WASHINGTON (March 23, 2016) — The Army officers of tomorrow likely will face complex challenges in protecting the nation and staying one step ahead of adversaries, Defense Secretary Ash Carter said Wednesday at the United States Military Academy.
Carter spoke to the corps of cadets at West Point, New York, telling about 4,400 men and women they soon will be responsible for defending the United States and helping to secure the world.
“It’s hard work, but it’s the most important and noble thing you can be doing with your lives,” Carter said.
Terrorism is among the five biggest evolving security challenges the United States is facing now, he said. In the wake of the terrorist attacks in Brussels, the resolve of the United States is only strengthened to defeat terrorism, he added.
“We’re accelerating our campaign against [the Islamic State of Iraq and the Levant], most immediately in Iraq and Syria. That’s where the parent tumor is,” he said.
“Make no mistake — we will defeat ISIL,” Carter said. “I’m completely confident in it. We want to get it done as soon as we can, but we will destroy ISIL.”
The other global security challenges of concern are Russian aggression in Eastern Europe, a China that is acting aggressively, North Korea and Iran.
The United States does not have the luxury of choosing which threat it will have to address, Carter said. “We have to deal with them all — and you’re part of our plan to do so,” he told the cadets.
CURRENT GLOBAL CHALLENGES
The Asia-Pacific region is the “single most consequential region to America’s future,” the defense chief said, noting that half of the world’s population lives there and half of the world’s economic activity takes place there.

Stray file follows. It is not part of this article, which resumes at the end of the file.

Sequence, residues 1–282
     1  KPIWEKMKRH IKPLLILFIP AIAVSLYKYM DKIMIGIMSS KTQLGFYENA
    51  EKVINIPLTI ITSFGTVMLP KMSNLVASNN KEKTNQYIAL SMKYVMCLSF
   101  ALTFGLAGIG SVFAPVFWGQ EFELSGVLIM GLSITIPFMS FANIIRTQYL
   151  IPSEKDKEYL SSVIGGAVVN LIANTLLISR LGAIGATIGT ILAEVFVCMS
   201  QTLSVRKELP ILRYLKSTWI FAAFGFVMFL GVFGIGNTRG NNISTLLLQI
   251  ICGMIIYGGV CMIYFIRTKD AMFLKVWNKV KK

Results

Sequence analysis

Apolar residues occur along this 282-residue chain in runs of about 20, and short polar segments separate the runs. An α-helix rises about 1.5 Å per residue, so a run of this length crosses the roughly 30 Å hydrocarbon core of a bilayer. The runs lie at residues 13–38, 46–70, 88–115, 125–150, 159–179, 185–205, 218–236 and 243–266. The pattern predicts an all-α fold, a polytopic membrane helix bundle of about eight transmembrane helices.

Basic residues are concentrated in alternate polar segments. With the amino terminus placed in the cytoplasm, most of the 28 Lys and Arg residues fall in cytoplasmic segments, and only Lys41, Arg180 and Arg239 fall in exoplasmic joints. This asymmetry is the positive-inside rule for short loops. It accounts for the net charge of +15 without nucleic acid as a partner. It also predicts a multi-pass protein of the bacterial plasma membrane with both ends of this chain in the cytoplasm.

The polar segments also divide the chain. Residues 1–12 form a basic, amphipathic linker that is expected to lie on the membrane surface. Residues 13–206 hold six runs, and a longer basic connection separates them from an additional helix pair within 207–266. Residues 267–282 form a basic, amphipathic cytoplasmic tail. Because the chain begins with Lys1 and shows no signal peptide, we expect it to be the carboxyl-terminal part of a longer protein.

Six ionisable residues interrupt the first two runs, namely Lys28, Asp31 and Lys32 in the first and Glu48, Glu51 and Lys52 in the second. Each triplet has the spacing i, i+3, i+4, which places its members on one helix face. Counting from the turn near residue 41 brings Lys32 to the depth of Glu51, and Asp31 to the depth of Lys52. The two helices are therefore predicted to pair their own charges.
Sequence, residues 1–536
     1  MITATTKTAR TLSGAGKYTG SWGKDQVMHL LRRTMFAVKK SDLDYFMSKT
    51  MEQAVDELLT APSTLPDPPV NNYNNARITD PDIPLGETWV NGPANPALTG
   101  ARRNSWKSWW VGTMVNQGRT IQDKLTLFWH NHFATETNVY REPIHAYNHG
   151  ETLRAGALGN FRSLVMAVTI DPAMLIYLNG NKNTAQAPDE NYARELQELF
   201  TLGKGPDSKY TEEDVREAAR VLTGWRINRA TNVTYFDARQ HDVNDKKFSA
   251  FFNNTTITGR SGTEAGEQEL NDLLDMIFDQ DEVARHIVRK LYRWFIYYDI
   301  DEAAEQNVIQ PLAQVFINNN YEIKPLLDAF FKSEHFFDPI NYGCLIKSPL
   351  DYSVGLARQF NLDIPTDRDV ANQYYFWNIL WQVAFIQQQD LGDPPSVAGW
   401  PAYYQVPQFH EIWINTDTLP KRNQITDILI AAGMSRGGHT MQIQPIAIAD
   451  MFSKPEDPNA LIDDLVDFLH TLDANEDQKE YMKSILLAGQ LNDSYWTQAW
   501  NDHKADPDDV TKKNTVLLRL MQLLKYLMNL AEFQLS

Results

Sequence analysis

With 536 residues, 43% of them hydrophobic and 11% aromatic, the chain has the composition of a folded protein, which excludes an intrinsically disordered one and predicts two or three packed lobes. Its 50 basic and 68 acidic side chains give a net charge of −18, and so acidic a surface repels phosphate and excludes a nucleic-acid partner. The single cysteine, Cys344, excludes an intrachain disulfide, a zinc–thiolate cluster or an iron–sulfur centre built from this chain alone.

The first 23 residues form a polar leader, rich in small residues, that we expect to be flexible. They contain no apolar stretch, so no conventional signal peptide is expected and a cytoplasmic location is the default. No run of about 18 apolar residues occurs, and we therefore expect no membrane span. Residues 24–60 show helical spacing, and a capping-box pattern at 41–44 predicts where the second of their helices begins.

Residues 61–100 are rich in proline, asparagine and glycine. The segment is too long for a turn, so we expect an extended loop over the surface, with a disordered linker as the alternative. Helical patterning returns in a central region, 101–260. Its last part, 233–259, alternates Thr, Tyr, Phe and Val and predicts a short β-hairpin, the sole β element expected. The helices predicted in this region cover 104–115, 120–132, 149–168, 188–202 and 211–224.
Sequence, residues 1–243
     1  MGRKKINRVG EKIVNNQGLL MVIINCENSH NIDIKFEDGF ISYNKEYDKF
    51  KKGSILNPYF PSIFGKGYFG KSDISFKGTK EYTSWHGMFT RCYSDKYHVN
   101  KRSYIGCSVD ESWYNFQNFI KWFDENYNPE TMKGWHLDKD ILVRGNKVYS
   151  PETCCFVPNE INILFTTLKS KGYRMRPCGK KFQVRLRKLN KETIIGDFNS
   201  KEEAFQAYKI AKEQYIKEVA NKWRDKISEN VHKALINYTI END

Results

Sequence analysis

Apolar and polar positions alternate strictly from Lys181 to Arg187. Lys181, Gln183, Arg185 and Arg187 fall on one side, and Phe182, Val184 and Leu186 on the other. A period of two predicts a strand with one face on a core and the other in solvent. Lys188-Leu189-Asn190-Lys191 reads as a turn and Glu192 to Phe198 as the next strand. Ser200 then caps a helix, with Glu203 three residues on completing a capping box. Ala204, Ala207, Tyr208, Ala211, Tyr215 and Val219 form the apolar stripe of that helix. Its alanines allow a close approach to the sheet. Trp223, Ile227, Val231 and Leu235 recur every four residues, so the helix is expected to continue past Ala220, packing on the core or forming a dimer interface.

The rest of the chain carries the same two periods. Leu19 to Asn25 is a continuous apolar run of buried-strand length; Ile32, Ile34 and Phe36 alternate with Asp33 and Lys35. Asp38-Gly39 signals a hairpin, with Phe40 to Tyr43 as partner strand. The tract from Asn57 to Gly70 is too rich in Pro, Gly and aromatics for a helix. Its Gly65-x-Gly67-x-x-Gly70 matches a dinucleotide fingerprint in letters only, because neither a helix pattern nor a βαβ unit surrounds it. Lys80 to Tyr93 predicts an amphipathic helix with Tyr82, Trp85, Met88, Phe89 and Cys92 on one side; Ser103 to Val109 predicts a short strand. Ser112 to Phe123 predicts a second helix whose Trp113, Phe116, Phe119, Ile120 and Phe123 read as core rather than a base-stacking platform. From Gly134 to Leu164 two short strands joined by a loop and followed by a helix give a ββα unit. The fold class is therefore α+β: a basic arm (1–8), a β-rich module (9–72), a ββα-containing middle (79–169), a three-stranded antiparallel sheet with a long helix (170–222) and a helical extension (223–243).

A rising China is fine in the region, he said, but China acting aggressively is not.
On the Korean Peninsula, North Korea poses a challenge to regional security, the secretary said, and American forces on the peninsula stand ready to “fight tonight.”
On the threat of Iran, the accord reached last year on nuclear weapons is a “good deal in preventing Iran from acquiring a nuclear weapon,” Carter said. “We must still deter Iranian aggression, counter its malign influence in the region, and continue standing by and standing up for our friends and allies in the region,” he added.
LEADERS OF TOMORROW
The cadets at West Point likely will face a whole host of new challenges when they are in the force over the next 10 or 20 years, Carter said. In the audience today could be a future chairman of the Joint Chiefs of Staff or the person who will be the chief of staff of the Army, he noted, adding that Army officers are strategic thinkers who are able to re-evaluate situations and come up with new approaches and ideas.
“This should be a lesson for our enemies: never underestimate the ingenuity of the American Soldier,” he said. “We need to maintain that advantage forever.”
The nation’s defense rests in being able to find solutions to seemingly intractable problems, Carter told the cadets. “In any situation, you will encounter unexpected challenges that have to be solved at a moment’s notice,” he said.
The Army officers of tomorrow will be responsible for the lives of their soldiers and the execution of the mission, the secretary said. “This is the burden of command,” he added.
The constants to great leadership and military service, Carter said, include being a person of strong character. The mission of the military will always be the protection of the United States, he said, and the people will always be why the military is great.